July 19, 2018

The Ballad of the Sad Walt Whitman Residence


Walt. Baby.

In the beautiful American city of Brooklyn, near the Navy Yards and the future location of what will be the five boroughs’ first Wegman’s (we await you all breathless, o noblest grocery chain), between the crook of the elevated BQE and the sculpture-strewn campus of the Pratt Institute, sits a quiet neighborhood that doesn’t quite have a name. Straggly side streets radiate out from Myrtle Avenue—“Murder Ave,” it was called in hoarier days—lined with small, elegantly ratty rowhouses, and dotted with run-down playgrounds. The repurposed complexes of the bygone Remsen Dairy Company rise like turrets to the south; the husk of a porn-shop-turned-Caribbean-nightclub idles next to a Dunkin’ Donuts. The more stalwart of the local businesses tend to be modest and great — there’s Castro’s Restaurant, a family-run Mexican spot that wears its underlovedness well; Kum Kau, a bustling kitchen with its own kids’ book; for many years, there was Dope Jams, a sigil-coated magick and record shop specializing in things that improve when you’re lightheaded; for a quarter century, there was Laura and Kennedy Osagie’s Owa Afrikan Market, which sold clothes, art, herbs, and more, as well as offering spiritual consultation in English, Spanish, and Yoruba (the business, still thriving, has moved to Bed-Stuy). Longtime friend of the blog JW McCormack, who used to live there, remembers the area for having “the highest ghosts-to-flesh ratio in New York City,” and as “the site of the world’s loneliest White Castle, a sort of Mos Eisley of lost souls. Though I prefer Krystal’s.”

Oh yeah, and, for a year in the mid-1850’s, Walt Whitman lived there.

This is not all that exceptional—Whitman moved a lot and lived many places—except for the fact that the building in question, at 99 Ryerson Street, is the only former Whitman home in Brooklyn that’s still standing. And, as James Barron writes for the New York Times this week, efforts are underway to get the property landmarked.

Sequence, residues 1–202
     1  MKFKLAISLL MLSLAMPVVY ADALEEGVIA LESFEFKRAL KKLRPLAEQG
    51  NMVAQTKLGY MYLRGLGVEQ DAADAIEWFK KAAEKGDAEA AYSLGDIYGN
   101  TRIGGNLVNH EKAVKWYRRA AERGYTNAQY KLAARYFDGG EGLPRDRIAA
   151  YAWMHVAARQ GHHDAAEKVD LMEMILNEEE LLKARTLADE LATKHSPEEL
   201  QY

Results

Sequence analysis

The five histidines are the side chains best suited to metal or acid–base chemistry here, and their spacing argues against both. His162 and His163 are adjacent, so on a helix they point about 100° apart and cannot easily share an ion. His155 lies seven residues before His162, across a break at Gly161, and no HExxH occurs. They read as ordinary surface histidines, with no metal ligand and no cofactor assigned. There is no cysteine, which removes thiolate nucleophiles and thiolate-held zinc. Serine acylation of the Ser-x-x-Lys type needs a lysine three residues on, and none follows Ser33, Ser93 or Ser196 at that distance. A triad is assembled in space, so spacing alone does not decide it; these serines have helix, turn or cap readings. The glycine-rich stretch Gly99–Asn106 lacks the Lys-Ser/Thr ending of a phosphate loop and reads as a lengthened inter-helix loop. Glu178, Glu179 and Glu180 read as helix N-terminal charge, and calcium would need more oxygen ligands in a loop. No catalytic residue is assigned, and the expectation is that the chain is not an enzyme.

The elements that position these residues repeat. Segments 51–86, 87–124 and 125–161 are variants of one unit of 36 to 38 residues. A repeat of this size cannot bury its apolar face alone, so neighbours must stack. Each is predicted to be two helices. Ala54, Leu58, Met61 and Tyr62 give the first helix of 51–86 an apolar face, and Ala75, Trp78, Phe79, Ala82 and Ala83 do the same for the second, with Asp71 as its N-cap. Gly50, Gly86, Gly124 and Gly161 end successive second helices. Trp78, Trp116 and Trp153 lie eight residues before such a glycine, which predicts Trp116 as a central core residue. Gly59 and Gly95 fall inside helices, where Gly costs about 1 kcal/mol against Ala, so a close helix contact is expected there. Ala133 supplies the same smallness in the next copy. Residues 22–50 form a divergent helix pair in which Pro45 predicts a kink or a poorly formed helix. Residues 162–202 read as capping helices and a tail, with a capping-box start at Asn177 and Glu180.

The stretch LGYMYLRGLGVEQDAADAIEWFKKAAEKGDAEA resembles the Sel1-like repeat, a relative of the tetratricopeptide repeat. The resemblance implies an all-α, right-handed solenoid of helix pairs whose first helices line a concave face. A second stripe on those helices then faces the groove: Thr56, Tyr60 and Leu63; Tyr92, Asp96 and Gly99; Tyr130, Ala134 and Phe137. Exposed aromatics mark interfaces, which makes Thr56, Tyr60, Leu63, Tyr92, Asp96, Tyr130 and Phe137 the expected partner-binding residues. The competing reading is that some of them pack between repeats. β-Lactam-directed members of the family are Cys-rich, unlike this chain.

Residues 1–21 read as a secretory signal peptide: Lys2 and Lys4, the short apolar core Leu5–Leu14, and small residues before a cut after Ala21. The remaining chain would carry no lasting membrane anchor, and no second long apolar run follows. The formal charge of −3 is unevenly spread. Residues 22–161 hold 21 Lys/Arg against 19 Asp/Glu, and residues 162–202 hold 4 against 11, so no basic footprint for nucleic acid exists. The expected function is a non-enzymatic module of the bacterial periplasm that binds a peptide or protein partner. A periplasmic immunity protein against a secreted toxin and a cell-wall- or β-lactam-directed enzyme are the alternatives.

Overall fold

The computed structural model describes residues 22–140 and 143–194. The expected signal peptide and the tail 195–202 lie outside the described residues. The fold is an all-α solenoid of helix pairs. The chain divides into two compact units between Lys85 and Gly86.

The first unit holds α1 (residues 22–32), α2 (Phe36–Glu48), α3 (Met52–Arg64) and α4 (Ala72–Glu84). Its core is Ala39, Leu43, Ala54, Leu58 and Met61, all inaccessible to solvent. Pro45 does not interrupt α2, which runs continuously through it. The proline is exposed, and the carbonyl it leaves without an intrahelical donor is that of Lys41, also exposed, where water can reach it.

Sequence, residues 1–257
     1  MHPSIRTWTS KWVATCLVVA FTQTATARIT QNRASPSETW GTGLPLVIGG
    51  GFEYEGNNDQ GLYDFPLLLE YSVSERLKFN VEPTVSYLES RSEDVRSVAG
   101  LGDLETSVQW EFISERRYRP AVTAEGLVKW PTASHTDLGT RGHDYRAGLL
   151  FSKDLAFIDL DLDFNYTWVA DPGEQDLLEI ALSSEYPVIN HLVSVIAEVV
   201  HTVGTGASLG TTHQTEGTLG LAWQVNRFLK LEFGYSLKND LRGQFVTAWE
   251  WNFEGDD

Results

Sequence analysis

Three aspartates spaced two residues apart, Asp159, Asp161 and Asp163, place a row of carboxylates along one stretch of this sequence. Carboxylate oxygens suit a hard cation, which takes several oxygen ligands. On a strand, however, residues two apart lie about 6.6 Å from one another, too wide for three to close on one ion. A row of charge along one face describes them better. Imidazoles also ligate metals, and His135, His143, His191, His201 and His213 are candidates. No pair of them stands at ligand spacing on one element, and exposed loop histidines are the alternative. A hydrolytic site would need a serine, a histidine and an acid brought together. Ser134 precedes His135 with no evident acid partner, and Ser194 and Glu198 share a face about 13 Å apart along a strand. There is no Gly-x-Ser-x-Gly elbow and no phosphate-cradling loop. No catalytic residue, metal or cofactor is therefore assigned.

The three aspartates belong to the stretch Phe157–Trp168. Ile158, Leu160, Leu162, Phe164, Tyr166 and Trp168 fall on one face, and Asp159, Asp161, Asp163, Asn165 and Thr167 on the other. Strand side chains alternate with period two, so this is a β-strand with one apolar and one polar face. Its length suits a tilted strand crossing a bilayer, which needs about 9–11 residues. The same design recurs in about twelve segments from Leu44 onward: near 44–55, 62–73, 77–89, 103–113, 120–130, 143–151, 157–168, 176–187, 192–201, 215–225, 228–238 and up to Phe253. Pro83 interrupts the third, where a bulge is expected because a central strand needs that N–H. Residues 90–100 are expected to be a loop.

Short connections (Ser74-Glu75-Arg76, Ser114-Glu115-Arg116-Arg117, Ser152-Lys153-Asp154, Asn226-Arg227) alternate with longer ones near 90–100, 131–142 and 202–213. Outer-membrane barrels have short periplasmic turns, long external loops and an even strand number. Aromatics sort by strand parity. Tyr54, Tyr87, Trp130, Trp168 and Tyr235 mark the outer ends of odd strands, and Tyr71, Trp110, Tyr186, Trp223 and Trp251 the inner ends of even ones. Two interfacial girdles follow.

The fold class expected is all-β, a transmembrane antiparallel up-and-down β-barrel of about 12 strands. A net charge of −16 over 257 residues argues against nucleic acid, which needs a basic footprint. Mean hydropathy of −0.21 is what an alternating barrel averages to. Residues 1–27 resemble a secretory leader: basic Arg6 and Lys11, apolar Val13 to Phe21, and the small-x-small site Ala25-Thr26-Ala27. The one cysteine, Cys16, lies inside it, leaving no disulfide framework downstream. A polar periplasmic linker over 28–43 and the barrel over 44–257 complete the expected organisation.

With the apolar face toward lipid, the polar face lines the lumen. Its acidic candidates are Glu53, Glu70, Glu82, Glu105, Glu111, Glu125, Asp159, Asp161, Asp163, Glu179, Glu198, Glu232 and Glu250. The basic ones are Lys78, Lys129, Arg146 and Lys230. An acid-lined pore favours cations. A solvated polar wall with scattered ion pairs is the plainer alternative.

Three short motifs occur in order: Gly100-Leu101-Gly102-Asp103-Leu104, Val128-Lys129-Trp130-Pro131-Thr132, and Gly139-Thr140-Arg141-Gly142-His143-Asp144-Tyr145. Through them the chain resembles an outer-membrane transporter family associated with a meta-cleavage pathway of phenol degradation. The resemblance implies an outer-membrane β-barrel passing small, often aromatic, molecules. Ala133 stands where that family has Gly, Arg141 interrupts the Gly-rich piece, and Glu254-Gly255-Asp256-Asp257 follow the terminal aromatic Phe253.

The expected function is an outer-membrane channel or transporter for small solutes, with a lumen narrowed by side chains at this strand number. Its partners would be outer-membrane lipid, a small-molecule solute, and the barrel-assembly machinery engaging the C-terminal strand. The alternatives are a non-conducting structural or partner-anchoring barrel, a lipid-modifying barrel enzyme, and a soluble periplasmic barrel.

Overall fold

Whitman was many things — an enthusiastic sperm-hider, a Dr. Quinn, Medicine Woman guest star, a health guru, an early Bill Murray speechwriter, a passionate lay student of phrenology, and, not least of all, one of the most admired authors in American history. Various properties in the New York area have been associated with him, but the 99 Ryerson house, where Whitman lived from May 1855 through May 1856, holds several distinctions: it was the scene of Ralph Waldo Emmerson’s famous visit to the poet, and where he began writing his epochal Song of Myself. It’s also, unlike Whitman’s other homes in the County of Kings, still there.

A coalition has been trying to get the house landmarked for some years. As Barron writes:

The Landmarks Preservation Commission said no last year after concluding, as a spokeswoman put it, that the house “does not rise to the level of an individual landmark.” But Whitman experts like [Karen] Karbiener and preservationists are asking for reconsideration now that the chairwoman of the commission, Meenakshi Srinivasan, has left…. One reason the house did not qualify for landmark status, a spokeswoman said in an email, was that the house had been “re-sided, substantially altering its appearance.”

Its appearance, of course, is not exactly the point — as Walt Whitman Project artistic director Greg Tupiano tells Barron, “What matters is what the house represents… It’s the pinnacle of the American Renaissance of literature.”

Whitman in his later, more wizened, and beardier form.

The Coalition to Save Walt Whitman’s House, which is spearheading the effort to appeal the LPC’s denial, hopes to seal the house’s landmark status by May 31st, which will be Whitman’s bicentennary. There’s a petition gathering signatures right here, bearing endorsements from the likes of George Saunders (“For this house to disappear would be something like an extinction: such a place cannot be got back, not ever, once it is lost”) and Karbiener, a Columbia professor and the founder of the Walt Whitman Initiative (“I hope the Commission understands this is not about the architectural merit of 99 Ryerson Street but rather its incredibly significant cultural value”). The NYC LGBT Historic Sites Project also supports the initiative.

Today, Ryerson Street is beautiful and chill, a fine place to loafe and invite one’s soul. Just a few blocks down Myrtle, Fort Greene Park—which Whitman fought hard to see established—sprawls out from the soaring Prison Ship Martyrs’ Monument. Whitman’s old house, steeped as it is in history and literary interest, deserves landmark status; beneath the siding, it remains the site of some literary work that would later hit mass consciousness like a meteor. Beside that, it’d just be wonderful to see a small crown passed to this aluminum-clad, consummate underdog of an edifice, and this unfussingly vibrant corner of a great city.

As of this writing, no secret sperm motifs have been discovered in the house’s moldings — but give it time, people.



Ian Dreiblatt is the former Director of Digital Media at Melville House.